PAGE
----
【能救命的技术:利用沙漠空气生产饮用水】

【能救命的技术:利用沙漠空气生产饮用水】麻省理工学院(MIT)的科学家们发明了一种可以在沙漠中生产水的技术,研究人员从亚利桑那州坦佩沙漠干燥稀薄的空气中成功提取出水。该技术适用于任何具有严酷沙漠气候的地区,并能拯救生命。关于该技术的相关报告发表在《自然通讯》(Nature Communications)杂志上。

http://www.dailymail.co.uk/sciencetech/article-5533449/New-device-produce-drinkable-water-DESERT-air.html

Scientists develop potentially life-saving device that can produce drinkable water from DESERT air 'even in the world's driest regions'

  • MIT scientists developed technology that can produce water in deserts
  • A report on the technology was published in the journal Nature Communications
  • The technology extracts the water from dry desert air in Tempe, Arizona
  • And, the researchers say it will work in any desert, as all hold some moisture

Researchers have discovered a way to produce water in the desert from thin air.

Scientists at the Massachusetts Institute of Technology (MIT) have developed technology that could save lives in harsh desert climates.

The technology allows users to transform moisture in the air into water.

A new report by the researchers, published in Nature Communications, explains how this can be useful around the world since the air in every desert holds at least some moisture.

Researchers from MIT have created a device that can turn dry desert air into water, which could potentially provide hydration in harsh climates all over the world. The product is powered solely by the sun

Researchers from MIT have created a device that can turn dry desert air into water, which could potentially provide hydration in harsh climates all over the world. The product is powered solely by the sun

The new research could help people survive the most arid climates on earth, the MIT team said.

The technology was first proposed in a paper published in Science last year, and it drew both optimistic attention and skepticism from the scientific community.

Professor Evelyn Wang, who worked on the original paper as well as the recently published study, said: 'It got a lot of hype and some criticism.

'All of the questions that were raised from last time were explicitly demonstrated in this paper. We've validated those points.'

 

The new product was tested in Tempe, Arizona, and the testing confirmed that it has the potential to help people stay hydrated in deserts.

The analysis said: 'The system, based on relatively new high-surface-area materials called metal-organic frameworks (MOFs), can extract potable water from even the driest of desert air with relative humidities as low as 10 percent.

'Current methods for extracting water from air require much higher levels - 100 percent humidity for fog-harvesting methods and above 50 percent for dew-harvesting refrigeration-based systems, which also require large amounts of energy for cooling.

'So the new system could potentially fill an unmet need for water even in the world's driest regions.'

HOW MUCH WATER CAN BE PRODUCED FROM DESERT AIR?

MIT researchers have developed a way to produce heat in the dessert.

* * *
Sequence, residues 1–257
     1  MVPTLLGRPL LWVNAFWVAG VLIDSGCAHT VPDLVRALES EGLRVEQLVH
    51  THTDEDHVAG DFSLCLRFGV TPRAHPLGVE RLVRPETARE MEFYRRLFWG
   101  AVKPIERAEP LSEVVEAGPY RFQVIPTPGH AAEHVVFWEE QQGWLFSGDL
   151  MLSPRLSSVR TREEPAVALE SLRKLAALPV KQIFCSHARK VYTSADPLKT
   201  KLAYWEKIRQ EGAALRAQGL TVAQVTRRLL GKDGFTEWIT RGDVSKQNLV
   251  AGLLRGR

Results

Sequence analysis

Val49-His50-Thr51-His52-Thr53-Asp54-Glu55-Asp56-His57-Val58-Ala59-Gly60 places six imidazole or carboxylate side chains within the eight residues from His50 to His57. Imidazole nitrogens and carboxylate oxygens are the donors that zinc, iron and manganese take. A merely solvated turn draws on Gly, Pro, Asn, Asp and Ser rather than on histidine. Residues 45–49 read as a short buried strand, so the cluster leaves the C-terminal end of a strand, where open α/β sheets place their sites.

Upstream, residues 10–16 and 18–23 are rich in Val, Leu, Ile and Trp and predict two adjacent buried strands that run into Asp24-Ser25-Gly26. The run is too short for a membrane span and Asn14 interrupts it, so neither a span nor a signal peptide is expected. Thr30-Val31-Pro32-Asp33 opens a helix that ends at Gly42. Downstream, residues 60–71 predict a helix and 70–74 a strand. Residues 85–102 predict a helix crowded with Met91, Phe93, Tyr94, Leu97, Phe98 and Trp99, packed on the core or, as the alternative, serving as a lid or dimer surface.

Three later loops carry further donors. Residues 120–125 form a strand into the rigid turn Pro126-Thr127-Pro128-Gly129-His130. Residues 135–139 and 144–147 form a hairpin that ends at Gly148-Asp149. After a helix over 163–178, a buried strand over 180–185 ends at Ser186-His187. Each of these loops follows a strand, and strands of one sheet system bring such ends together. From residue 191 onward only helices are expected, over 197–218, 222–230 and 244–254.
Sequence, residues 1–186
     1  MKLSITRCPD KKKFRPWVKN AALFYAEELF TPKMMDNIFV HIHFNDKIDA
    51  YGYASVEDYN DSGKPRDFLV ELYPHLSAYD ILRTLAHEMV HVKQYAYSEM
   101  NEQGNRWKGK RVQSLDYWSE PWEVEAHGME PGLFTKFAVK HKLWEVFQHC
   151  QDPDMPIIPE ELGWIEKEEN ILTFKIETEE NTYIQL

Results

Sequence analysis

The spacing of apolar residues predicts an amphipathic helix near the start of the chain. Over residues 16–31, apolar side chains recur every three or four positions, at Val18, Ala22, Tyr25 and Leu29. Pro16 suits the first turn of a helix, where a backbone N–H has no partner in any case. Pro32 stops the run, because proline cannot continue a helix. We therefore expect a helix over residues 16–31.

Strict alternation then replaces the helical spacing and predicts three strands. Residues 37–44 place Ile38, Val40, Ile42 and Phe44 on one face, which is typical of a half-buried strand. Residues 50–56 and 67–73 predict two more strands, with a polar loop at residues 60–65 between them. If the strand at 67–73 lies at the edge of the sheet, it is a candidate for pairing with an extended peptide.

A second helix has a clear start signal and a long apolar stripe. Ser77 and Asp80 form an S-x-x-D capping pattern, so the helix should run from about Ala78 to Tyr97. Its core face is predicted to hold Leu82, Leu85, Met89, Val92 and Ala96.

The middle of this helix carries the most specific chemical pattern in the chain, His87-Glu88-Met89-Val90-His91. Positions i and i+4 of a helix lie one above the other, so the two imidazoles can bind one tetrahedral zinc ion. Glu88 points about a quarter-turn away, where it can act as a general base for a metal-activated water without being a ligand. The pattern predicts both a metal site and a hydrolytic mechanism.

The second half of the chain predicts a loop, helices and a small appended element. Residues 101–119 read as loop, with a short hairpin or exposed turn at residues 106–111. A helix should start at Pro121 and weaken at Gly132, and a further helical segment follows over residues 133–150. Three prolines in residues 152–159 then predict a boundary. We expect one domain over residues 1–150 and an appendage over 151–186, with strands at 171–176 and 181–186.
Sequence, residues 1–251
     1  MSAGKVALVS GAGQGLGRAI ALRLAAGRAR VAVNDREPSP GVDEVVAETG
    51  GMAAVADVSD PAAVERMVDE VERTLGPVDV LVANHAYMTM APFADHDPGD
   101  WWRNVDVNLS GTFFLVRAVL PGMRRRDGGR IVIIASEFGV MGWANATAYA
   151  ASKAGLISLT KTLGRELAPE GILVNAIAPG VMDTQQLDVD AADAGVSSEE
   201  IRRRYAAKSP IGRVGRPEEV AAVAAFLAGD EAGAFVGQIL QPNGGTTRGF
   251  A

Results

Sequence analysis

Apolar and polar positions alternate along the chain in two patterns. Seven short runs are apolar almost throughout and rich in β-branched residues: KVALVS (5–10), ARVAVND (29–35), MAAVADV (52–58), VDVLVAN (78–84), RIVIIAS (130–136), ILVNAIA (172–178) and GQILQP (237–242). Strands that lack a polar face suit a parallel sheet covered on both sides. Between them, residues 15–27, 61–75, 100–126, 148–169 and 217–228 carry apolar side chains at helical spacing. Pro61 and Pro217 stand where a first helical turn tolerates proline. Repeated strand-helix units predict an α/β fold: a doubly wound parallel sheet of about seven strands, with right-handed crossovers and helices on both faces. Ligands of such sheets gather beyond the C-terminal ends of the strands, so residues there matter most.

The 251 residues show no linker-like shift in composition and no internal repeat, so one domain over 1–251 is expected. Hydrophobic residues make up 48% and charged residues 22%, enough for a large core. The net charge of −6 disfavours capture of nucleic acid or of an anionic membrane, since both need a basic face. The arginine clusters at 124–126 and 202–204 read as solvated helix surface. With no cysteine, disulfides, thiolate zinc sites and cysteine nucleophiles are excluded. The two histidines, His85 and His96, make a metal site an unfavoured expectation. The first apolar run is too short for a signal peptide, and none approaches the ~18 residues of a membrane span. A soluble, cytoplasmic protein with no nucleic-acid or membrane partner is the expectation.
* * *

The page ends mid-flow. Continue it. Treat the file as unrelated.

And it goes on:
Their technology could be used to provide hydration in dangerously dry areas around the world.

The device is powered by sunlight only, and the researchers said it could eventually be used to provide more than one-fourth of a liter of water per kilogram of metal-organic framework each day.

Pictured is the new device - developed by MIT - that can turn dry air into water in the desert. The technology was first proposed in a research paper last year, and it was met with both optimism and criticism

Pictured is the new device - developed by MIT - that can turn dry air into water in the desert. The technology was first proposed in a research paper last year, and it was met with both optimism and criticism

This output could be much higher if a more efficient material were to be used, the report stated.

The technology operates on a night-and-day cycle using sunlight.

But, researcher Dr Hyunho Kim said, 'continuous operation is also possible by utilizing abundant low-grade heat sources such as biomass and waste heat'.

Professor Wang said the device's placement during testing - on the rooftop of an Arizona State University building - allowed researchers to observe the technology 'in a place that's representative of arid areas, and [it] showed that we can actually harvest the water even in subzero dewpoints'.

Additionally, the system is more low maintenance than competing methods.

Researcher Sameer Rao said: 'This has no moving parts. It can be operated in a completely passive manner in places with low humidity but large amounts of sunlight.

'Now we have demonstrated that this is indeed possible.'

Professor Wang noted that the next step is to boost the technology's efficiency.

'We hope to have a system that's able to produce liters of water. We want to see water pouring out,' she said.

'These small, initial test systems were only designed to produce a few milliliters to prove the concept worked in real-world conditions, [but] the idea would be to produce units sufficient to supply water for individual households,' the study said.

No impurities were detected in the water created during the testing.

 


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